In Romans 3:8 one finds the well-know precept that one must not do evil in order that good may come of it. Obviously I, as should all who profess to be Christian, accept this precept by the authority with which it was promulgated, but I’m wondering how to prove it, by natural reason alone, to secularists, many of whom are infected with utilitarianism and would not hesitate to do evil if they thought that they would thereby procure a greater good or avert a greater evil. St. Thomas Aquinas does not, as far as I know, answer the utilitarian objection directly (please correct me if I’m wrong and let me know where he does), though he does invoke Romans 3:8 a couple of times in other contexts. Also, in St. Thomas’s treatment of the natural law he notes that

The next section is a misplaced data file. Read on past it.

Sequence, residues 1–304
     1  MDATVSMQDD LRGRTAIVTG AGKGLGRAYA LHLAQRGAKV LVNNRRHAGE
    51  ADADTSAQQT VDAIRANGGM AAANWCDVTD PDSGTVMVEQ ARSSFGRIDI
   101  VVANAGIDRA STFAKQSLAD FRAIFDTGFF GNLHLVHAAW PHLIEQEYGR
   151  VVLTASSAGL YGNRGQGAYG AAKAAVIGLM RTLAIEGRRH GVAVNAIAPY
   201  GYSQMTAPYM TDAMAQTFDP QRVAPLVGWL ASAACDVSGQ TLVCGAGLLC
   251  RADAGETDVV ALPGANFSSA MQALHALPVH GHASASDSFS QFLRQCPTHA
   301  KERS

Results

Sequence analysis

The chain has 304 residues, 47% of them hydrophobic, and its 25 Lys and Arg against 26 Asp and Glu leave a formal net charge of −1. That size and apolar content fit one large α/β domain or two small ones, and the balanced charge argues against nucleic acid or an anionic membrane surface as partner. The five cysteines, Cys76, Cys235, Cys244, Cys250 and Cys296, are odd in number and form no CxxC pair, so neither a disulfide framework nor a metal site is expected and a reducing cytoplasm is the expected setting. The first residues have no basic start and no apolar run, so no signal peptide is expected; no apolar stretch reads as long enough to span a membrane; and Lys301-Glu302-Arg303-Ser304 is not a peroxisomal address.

… the first principle of practical reason is one founded on the notion of good, viz. that "good is that which all things seek after." Hence this is the first precept of law, that "good is to be done and pursued, and evil is to be avoided." All other precepts of the natural law are based upon this …So is it as simple, then, as asserting that the first precept of the natural law enjoins the avoidance of evil? If so, then how does one answer the more moderate utilarians who, while agreeing that one should never do grave evil (like what Catholics would call a mortal sin), would nevertheless argue that if the evil were small in some absolute sense (rather than just relative to the good that one expects to obtain), like what Catholics mean by venial sin, then one ought to do it if a greater good were expected to be obtained thereby? I would be interested in, and appreciate greatly, any arguments and/or references that you could provide for me, readers.
(Ia IIæ, q. 94, a. 2,